Pope appeals against Mid-East bloodshed on Cyprus trip
Pope Benedict XVI has called for an urgent international effort to resolve tensions in the Middle East, at the end of a three-day trip to Cyprus.
The Pope used the trip to draw attention to the plight of Christians in the region, whom he said were being both persecuted and ignored.
He ended the visit with a Mass attended by Middle Eastern pilgrims.
A lethal Israeli raid on a ship trying to break the Gaza blockade has focussed attention on the Middle East conflict.
"I reiterate my personal appeal for an urgent and concerted international effort to resolve the ongoing tensions in the Middle East, especially before such conflicts lead to greater bloodshed," the Pope said at Mass on Sunday.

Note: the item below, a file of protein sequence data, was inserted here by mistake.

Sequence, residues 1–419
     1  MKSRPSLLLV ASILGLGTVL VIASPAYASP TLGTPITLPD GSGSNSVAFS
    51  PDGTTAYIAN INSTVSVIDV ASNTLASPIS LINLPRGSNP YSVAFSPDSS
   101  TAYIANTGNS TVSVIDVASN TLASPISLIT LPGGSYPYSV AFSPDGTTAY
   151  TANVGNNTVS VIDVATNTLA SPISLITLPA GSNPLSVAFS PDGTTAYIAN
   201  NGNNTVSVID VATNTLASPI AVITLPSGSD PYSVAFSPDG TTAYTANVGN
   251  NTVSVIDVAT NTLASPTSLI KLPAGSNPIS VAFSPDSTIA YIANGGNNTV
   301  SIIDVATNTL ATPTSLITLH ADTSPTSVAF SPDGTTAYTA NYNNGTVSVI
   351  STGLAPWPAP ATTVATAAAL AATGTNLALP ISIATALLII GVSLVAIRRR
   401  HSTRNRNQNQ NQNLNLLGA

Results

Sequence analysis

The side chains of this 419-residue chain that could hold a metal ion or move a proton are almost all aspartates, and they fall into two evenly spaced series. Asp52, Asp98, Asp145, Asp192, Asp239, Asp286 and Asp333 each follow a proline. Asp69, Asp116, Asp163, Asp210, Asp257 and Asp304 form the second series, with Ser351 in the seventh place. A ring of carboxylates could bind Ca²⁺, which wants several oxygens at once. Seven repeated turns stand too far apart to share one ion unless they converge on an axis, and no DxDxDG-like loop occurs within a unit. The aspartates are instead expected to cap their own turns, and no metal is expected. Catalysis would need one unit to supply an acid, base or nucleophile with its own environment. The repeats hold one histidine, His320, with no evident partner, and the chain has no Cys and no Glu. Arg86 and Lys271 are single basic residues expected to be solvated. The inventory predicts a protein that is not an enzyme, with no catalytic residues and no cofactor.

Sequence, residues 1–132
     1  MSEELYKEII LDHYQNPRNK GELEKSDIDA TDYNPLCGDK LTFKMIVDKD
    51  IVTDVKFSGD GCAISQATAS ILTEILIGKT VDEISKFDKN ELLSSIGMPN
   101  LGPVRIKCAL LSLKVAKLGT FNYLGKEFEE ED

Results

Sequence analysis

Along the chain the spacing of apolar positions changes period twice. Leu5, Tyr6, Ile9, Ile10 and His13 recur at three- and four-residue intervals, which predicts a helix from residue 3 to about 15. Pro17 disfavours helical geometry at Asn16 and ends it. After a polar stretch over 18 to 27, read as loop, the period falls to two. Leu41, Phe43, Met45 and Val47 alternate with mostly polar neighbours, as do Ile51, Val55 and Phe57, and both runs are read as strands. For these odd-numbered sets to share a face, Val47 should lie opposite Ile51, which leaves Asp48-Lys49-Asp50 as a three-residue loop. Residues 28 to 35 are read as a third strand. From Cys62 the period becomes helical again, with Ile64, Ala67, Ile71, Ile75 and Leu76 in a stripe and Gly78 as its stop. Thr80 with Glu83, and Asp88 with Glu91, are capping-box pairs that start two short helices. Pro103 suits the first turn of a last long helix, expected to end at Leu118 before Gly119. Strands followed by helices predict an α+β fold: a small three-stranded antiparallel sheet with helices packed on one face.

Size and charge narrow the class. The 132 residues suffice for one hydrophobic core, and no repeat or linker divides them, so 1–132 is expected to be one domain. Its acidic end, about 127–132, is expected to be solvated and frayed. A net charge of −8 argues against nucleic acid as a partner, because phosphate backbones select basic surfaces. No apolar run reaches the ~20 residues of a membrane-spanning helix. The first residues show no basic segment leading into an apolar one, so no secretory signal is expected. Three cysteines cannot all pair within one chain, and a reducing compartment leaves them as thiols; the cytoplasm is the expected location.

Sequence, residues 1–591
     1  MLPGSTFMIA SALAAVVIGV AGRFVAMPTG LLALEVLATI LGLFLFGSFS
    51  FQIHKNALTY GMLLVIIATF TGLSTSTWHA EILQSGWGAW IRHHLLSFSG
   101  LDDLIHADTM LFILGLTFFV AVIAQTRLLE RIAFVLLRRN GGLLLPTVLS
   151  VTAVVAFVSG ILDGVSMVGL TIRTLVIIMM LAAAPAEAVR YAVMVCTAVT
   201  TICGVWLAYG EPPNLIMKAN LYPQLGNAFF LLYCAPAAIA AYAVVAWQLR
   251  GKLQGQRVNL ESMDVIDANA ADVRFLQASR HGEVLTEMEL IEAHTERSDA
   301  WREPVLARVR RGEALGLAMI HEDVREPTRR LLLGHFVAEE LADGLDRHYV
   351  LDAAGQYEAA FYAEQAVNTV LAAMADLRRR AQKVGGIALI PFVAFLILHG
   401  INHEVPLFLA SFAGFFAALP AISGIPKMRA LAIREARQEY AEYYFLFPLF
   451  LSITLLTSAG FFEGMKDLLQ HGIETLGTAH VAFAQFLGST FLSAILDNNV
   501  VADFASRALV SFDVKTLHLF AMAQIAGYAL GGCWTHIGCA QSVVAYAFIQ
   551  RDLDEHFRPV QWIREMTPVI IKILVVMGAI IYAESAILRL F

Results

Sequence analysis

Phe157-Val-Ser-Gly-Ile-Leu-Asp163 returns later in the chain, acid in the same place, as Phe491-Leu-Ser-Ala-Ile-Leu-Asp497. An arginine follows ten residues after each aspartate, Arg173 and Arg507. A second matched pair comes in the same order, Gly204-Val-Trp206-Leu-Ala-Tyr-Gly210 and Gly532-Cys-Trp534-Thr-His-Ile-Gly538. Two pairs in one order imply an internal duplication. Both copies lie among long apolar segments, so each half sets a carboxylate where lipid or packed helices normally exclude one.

'First to suffer'
After the Mass, the pontiff distributed a working paper ahead of a synod for Middle Eastern bishops in Rome in October.
"The Israeli occupation of Palestinian territories is creating difficulties in everyday life, inhibiting freedom of movement, the economy and religious life," the document said.
"Certain Christian fundamentalist theologies used sacred scripture to justify Israel's occupation of Palestine, making the position of Christian Arabs an even more sensitive issue," it added.
The paper cited the Israeli-Palestian conflict and the social and political situations in Iraq and Lebanon as reasons for the emigration of Christians from the Middle East.
"International politics oftentimes pays no attention to the existence of Christians and the fact that they are victims, at times the first to suffer, goes unnoticed," it said.
The day before the Pope arrived in Turkey a Catholic bishop, Luigi Padovese, was murdered in Turkey. Benedict spoke of his "profound sadness" at the killing.